PALAKKAD: As many as eight samples of endosulfan have been collected by the expert team and it was informed that by October 20, one of the eight samples will be sent to Salim Ali Institute in Hyderabad to get it tested. The remaining samples will behanded over to agencies that will come up with suitable technologies to detoxify and dispose it.
“Once we get the test results from Salim Ali Institute, we will invite expression of interest from agencies like Ramki, Meridy etc for detoxifying and disposing the endosulfan.
We will give samples of endosulfan to these agencies to assess its chemical combination to come up with a demonstration of what they are supposed to do for disposing it. We will have the test results from SAI as reference to assess the authenticity of the technology they put forward,” said Dr Muhammad Asheel, assistant nodal officer of Endosulfan Rehabilitation Cell.
He also said that the deal would be fixed by taking into account the cost, environmental impact and feasibility of technology. “Once we select an agency, the endosulfan will be handed over to them for disposal under the strict monitoring of government officials,” said Asheel.
HRPFY claims that they had a technology for disposing endosulfan. In what appears as promising, Human Rights Protection Foundation Udupi (HRPFU), a social organisation, has come out with a claim that they had developed an eco-friendly and less expensive technology for neutralising the existing stock of endosulfan.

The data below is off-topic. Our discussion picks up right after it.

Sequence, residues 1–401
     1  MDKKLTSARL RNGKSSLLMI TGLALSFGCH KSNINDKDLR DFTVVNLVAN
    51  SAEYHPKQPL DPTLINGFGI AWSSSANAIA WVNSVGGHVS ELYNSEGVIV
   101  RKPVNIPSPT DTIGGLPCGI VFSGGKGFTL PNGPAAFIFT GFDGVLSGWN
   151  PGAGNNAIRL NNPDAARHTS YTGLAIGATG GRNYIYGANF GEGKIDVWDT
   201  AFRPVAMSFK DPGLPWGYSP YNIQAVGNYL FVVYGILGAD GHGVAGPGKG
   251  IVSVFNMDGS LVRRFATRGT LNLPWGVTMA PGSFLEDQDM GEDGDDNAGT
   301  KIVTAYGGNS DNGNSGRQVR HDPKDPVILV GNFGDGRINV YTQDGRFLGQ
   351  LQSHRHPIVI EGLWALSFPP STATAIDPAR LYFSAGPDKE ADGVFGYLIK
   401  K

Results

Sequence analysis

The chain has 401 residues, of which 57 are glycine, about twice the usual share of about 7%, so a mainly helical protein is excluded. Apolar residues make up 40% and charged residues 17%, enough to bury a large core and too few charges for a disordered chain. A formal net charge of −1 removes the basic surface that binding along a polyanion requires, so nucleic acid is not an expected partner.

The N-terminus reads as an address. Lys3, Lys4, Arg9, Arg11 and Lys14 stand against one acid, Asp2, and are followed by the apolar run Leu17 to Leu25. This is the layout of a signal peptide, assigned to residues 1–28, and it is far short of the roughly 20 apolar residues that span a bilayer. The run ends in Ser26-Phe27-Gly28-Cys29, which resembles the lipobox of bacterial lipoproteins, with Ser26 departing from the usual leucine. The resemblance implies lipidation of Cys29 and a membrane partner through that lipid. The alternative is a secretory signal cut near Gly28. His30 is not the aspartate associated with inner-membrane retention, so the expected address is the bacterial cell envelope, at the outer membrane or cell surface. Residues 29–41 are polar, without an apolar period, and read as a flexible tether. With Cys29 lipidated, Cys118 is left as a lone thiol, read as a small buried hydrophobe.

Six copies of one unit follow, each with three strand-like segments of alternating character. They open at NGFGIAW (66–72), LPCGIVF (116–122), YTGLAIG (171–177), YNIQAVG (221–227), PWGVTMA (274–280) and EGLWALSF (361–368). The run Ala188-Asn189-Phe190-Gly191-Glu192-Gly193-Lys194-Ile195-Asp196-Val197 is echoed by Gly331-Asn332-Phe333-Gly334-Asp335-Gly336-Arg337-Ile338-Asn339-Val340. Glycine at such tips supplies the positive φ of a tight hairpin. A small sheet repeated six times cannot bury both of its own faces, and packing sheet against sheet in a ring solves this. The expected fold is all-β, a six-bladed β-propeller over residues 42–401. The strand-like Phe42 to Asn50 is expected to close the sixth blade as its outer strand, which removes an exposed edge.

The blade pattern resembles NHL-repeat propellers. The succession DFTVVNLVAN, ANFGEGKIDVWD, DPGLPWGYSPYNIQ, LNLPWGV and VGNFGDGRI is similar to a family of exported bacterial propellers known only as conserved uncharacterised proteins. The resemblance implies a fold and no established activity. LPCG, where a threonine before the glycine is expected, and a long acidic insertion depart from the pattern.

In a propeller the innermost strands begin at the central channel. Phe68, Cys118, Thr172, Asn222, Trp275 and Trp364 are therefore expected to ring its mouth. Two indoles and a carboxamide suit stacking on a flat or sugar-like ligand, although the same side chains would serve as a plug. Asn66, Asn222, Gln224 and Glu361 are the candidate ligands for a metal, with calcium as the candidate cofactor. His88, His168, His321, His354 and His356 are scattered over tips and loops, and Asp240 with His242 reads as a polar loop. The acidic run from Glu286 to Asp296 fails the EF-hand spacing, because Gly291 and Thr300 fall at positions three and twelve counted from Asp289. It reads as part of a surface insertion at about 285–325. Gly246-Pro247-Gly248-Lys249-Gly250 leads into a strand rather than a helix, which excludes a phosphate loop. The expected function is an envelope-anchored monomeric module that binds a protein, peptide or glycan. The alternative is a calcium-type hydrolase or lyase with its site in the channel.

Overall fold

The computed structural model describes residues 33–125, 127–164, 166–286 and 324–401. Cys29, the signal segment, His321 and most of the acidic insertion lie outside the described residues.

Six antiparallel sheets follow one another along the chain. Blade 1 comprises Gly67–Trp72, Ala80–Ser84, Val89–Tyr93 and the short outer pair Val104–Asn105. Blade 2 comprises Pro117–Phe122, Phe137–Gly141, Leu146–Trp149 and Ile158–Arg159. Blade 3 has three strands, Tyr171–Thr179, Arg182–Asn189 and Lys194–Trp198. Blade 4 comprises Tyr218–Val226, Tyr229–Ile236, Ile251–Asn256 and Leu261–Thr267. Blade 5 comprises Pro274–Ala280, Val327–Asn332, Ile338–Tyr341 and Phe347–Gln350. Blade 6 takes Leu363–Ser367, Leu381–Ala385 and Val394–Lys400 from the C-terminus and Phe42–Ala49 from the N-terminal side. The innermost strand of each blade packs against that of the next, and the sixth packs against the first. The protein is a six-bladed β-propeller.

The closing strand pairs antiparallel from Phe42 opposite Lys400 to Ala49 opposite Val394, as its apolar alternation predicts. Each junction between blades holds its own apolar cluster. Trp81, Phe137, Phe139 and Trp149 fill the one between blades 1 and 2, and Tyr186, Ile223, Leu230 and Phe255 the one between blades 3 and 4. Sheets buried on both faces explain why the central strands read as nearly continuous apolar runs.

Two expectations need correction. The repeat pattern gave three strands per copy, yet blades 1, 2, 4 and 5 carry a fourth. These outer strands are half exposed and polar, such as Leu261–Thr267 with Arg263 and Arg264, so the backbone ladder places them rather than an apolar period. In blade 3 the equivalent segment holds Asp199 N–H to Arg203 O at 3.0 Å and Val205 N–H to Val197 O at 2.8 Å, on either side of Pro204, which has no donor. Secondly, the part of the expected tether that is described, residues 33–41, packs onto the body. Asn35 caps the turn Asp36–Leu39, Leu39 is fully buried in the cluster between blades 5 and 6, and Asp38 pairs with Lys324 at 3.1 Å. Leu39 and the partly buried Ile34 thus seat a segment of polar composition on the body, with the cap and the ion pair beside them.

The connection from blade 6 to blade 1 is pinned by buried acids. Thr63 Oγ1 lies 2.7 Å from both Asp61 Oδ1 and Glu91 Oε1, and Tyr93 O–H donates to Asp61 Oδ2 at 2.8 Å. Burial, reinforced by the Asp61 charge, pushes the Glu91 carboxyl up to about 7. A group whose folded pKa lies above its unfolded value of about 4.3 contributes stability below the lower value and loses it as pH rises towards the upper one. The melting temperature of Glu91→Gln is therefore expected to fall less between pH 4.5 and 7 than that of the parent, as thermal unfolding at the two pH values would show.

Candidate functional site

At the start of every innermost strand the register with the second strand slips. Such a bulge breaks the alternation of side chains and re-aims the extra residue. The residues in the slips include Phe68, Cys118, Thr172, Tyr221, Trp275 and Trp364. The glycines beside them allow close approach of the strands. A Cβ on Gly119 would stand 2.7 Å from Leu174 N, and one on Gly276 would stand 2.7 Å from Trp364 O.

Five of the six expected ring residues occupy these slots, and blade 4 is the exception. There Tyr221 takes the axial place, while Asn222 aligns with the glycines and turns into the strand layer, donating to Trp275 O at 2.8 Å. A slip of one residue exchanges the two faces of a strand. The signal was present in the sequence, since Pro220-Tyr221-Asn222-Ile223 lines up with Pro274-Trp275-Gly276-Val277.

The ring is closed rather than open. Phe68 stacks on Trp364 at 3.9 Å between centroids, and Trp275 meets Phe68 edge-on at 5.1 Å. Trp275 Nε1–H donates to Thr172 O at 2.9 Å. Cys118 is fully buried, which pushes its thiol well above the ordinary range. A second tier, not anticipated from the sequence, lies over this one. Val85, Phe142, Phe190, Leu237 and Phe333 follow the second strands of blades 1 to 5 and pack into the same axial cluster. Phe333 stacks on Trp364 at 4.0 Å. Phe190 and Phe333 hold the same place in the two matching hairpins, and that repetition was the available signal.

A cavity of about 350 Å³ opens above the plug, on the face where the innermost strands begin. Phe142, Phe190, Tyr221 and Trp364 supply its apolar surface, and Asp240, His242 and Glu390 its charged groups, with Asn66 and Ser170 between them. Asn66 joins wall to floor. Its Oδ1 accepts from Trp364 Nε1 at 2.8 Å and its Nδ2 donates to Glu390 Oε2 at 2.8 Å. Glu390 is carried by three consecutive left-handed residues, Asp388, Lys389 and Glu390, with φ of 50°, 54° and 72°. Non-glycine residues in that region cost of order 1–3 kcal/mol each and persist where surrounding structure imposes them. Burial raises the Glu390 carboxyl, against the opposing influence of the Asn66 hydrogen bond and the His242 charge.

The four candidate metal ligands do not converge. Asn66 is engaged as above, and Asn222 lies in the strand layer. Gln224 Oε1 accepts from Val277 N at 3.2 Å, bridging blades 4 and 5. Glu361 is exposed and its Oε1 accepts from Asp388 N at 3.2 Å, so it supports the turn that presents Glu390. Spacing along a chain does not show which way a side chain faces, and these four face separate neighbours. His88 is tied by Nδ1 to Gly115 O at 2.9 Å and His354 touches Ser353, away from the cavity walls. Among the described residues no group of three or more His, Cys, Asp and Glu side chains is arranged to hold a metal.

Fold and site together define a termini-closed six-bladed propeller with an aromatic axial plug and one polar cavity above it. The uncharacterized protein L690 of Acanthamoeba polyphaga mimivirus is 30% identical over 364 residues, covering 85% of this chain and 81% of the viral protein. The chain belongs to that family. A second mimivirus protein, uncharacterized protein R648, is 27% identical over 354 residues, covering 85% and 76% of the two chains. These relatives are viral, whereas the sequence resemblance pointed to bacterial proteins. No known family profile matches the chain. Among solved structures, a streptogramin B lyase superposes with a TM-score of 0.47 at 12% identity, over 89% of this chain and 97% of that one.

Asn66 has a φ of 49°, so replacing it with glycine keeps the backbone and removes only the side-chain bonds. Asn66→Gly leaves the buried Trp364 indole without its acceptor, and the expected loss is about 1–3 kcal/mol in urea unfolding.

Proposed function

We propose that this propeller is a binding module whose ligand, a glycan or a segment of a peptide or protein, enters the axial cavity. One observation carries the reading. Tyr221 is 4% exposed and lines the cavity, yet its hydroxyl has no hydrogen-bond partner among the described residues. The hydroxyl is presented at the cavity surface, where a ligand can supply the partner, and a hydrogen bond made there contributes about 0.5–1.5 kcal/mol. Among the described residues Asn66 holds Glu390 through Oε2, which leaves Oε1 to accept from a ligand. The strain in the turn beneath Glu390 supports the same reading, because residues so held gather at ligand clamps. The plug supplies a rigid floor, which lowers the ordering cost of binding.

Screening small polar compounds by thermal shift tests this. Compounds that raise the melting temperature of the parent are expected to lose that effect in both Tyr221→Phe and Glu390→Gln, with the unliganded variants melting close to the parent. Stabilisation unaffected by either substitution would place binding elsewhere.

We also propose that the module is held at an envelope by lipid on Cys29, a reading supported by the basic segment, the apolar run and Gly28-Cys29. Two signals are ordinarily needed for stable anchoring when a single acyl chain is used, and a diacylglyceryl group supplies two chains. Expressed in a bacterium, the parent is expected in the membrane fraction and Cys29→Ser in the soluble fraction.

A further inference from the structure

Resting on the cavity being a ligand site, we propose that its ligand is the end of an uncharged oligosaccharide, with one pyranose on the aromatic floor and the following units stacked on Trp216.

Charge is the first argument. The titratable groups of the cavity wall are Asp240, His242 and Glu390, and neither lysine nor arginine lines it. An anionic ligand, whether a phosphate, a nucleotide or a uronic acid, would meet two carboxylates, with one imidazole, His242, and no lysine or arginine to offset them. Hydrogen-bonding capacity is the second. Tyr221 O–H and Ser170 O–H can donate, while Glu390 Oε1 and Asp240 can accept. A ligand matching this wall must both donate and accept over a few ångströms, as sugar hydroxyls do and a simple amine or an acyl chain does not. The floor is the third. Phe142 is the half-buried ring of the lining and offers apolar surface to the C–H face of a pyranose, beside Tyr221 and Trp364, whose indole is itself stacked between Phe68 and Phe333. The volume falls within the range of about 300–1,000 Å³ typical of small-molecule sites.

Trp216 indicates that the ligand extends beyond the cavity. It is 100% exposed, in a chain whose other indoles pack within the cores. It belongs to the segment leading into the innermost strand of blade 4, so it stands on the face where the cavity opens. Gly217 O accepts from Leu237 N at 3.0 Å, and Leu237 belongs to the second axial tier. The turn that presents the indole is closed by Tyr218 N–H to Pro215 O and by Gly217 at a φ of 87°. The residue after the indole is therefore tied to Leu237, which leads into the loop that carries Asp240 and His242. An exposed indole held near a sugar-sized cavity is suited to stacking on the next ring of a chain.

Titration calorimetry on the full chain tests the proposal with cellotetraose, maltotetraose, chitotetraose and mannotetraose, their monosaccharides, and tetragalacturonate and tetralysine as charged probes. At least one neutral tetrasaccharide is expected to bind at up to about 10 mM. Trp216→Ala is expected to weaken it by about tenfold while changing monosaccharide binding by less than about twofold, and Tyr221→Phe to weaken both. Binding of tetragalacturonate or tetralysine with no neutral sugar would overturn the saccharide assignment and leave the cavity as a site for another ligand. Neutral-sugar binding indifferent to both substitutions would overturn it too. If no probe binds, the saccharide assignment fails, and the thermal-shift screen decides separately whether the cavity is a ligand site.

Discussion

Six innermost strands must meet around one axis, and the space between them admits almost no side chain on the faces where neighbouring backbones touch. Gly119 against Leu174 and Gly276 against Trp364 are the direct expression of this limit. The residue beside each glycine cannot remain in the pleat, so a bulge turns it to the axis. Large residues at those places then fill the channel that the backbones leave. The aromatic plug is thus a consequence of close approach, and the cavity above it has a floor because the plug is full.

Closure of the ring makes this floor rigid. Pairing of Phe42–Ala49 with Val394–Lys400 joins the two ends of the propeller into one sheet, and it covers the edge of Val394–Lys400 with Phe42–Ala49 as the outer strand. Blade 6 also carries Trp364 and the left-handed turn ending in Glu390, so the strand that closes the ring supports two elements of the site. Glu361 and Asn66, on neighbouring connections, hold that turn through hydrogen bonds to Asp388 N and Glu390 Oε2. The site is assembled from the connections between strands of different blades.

This new technology developed by the HRPFU is absolutely natural and as part of the organisation’s social commitment they won’t charge for this technology, claimed HRPFU. The added advantage of this new technology is that it could be used to purify the soil, water and the environment which were polluted of endosulfan.
“The whole idea behind this method in simple statement is, using organisms in nature for neutralising endosulfan,” said Dr Ravindranath Shanbhag.
He also said there are certain species or algae in nature which can biodegrade endosulfan to endodiol which is not harmful.
“The algae named Anabaena PCC7120 and Anabaena flos-aquae can contribute in detoxification pathways of endosulfan in the soil environment. The other algae like Fusarium ventricosum and Pandoraea species are found to degrade about 90% of one litre endosulfan in 15 days.
“These algae can be used for the detoxification of endosulfan in contaminated soils, waste dumps and water bodies,” added Dr Ravindranath Shanbhag.
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